Development of efficient medium access control protocols for wireless body area networks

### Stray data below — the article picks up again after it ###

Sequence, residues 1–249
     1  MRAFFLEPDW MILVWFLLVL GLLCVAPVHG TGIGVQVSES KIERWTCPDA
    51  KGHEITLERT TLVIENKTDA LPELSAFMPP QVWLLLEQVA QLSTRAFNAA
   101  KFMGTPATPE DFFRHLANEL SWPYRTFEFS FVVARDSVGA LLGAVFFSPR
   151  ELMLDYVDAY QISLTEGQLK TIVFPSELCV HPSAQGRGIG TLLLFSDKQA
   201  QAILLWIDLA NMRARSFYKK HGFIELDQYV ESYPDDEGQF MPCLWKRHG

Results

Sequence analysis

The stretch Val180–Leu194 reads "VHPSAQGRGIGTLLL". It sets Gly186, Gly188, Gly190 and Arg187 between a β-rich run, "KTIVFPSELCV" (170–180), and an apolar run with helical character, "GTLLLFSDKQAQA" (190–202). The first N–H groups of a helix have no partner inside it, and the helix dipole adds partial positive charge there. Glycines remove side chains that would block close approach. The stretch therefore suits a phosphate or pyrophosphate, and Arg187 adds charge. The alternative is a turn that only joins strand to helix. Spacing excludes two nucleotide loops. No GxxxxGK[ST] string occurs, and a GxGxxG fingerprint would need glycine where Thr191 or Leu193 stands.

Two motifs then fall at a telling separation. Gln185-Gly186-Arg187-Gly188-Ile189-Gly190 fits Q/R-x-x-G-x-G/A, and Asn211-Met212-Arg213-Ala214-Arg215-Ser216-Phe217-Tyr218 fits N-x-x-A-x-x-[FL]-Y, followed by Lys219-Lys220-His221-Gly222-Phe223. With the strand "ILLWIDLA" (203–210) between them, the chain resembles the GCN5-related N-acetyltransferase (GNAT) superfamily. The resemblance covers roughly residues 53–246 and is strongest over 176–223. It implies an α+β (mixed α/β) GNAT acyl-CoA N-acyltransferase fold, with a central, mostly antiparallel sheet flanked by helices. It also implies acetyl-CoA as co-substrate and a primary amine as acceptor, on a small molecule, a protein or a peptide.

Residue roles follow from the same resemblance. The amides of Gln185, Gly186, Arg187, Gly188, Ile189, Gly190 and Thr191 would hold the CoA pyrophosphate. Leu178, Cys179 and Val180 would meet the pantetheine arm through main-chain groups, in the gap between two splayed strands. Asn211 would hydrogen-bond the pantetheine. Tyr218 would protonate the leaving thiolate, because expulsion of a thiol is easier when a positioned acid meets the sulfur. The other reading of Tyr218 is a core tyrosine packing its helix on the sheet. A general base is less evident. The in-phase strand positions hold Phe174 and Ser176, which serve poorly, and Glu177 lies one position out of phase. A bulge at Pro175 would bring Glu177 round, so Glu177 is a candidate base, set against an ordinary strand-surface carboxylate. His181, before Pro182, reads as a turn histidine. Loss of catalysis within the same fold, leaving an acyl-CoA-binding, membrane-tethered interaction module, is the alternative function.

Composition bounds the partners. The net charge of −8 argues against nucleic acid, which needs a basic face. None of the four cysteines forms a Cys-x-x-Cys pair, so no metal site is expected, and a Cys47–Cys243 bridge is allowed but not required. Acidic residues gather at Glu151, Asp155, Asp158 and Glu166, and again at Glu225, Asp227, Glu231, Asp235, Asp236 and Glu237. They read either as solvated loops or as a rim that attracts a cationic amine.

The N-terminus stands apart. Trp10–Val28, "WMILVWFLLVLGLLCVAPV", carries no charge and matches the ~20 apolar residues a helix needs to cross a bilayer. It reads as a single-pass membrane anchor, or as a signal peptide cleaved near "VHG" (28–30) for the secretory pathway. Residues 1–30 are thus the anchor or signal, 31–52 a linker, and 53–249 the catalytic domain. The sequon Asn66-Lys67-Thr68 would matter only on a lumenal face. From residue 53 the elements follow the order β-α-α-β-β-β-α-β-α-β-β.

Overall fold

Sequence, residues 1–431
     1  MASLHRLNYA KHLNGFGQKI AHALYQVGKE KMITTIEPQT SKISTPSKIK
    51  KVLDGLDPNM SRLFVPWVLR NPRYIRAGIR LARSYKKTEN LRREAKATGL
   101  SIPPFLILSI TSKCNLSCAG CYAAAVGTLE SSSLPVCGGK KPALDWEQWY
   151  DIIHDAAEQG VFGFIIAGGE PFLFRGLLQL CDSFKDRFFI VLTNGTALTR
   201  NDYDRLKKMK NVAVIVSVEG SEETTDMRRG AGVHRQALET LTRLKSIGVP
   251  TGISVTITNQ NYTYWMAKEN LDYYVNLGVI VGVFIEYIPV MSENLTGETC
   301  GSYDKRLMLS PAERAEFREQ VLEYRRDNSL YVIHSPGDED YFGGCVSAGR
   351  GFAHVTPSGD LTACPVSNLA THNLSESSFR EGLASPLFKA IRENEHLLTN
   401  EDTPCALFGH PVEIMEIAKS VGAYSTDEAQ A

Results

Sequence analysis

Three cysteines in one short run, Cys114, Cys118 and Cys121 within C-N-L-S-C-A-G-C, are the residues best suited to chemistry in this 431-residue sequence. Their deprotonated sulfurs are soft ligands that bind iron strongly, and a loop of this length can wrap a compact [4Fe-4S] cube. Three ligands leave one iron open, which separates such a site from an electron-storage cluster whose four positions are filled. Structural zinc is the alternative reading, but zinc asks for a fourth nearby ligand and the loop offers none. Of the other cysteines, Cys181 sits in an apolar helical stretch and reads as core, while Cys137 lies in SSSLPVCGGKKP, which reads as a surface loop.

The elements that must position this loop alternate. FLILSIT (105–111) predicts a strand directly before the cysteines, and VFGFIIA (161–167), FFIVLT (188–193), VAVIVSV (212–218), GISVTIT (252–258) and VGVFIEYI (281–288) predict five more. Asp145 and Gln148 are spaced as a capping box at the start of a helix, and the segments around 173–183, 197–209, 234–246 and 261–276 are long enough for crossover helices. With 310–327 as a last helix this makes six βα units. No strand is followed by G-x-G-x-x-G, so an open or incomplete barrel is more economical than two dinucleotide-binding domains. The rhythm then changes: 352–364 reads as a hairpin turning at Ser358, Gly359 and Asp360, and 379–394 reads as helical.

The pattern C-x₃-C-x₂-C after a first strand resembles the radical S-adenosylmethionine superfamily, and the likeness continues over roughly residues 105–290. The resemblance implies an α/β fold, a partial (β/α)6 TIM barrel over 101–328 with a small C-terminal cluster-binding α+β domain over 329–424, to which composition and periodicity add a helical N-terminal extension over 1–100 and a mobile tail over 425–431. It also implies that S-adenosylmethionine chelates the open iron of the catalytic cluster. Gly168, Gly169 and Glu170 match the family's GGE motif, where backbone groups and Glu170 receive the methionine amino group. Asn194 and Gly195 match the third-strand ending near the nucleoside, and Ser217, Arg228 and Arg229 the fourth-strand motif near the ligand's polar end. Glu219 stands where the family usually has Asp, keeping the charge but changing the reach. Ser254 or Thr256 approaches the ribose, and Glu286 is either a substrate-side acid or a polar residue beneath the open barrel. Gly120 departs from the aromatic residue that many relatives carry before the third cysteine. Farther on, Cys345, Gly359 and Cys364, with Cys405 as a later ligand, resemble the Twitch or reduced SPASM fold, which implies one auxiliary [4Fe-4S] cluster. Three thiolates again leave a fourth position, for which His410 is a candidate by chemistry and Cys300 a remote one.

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Future healthcare systems aim to provide smart, unobtrusive, unconstrained, pervasive and proactive healthcare through affordable and accessible means. A key enabler towards achieving the above is through solutions, which provide timely and continuous monitoring and analysis of physiological parameters of the body. The parameters obtained through the remote monitoring systems are used to analyse, diagnose and develop treatments. This allows for early detection of symptoms or abnormalities and in turn, prevention of illnesses. Wireless Body Area Networks (WBANs) are an essential part of future healthcare systems with the potential to seamlessly interconnect wearable and implantable sensors. In recent years, WBANs are expected to support various types of applications with datarates from a few Kbps up to 15 Mbps and satisfy heterogeneous requirements of both medical and consumer electronics. WBANs have captured the attention of researchers and motivated them to develop strategies that can enable them to handle various types of applications. Unfortunately, existing wireless networks cannot meet the strict Quality of Service (QoS) requirements of these networks. Hence, novel communication protocols considering the limitations of these networks need to be developed to pave the way for optimum network efficiency and data transmission reliability. The Medium Access Control (MAC) protocols have an important role in supporting the combination of reliability, quality of service, energy efficiency and scalability. The current IEEE 802.15.6 MAC protocol based on the latest WBANs standard is not optimised to maintain a balance between the energy limitation and QoS requirements for the diverse range of applications. Consequently, new research is required to explore the above issue and develop new enhancements for the IEEE 802.15.6 standard to better manage different applications over different conditions and scenarios better. This research focuses on developing MAC protocols to improve the performance of WBANs specifically in the saturation condition. As in saturated networks all the nodes send packets continuously, high level of collisions occurs and the medium is poorly utilised. While the high percentage of the packets of the highest user priority are dropped which carries life-critical information, other user priorities are not able to access the medium. To this extent, this research considers these challenges to improve the network performance in saturated networking condition both for the highest user priority and the other user priorities at the same time. Two IEEE 802.15.6-based MAC protocols, Saturation Aware for the User Priorities (SAUP) and Saturation Aware for the Highest User Priority (SAH) MAC protocols have been proposed to address these shortcomings for all the user priorities and enhance the channel access for different user/application priorities in saturated networks. The simulations were performed in the MATLAB framework. The results indicate the proposed protocols achieve better network performance as well as reducing energy consumption compared to the IEEE 802.15.6 MAC protocol. The improvements in the network performance and energy efficiency are specificity, for the user priorities other than the highest one in the proposed SAUP MAC protocol. However, SAH proposed MAC protocol focuses on the network improvements for the highest user priority comparing with IEEE 802.15.6 MAC protocol in the saturated WBANs.
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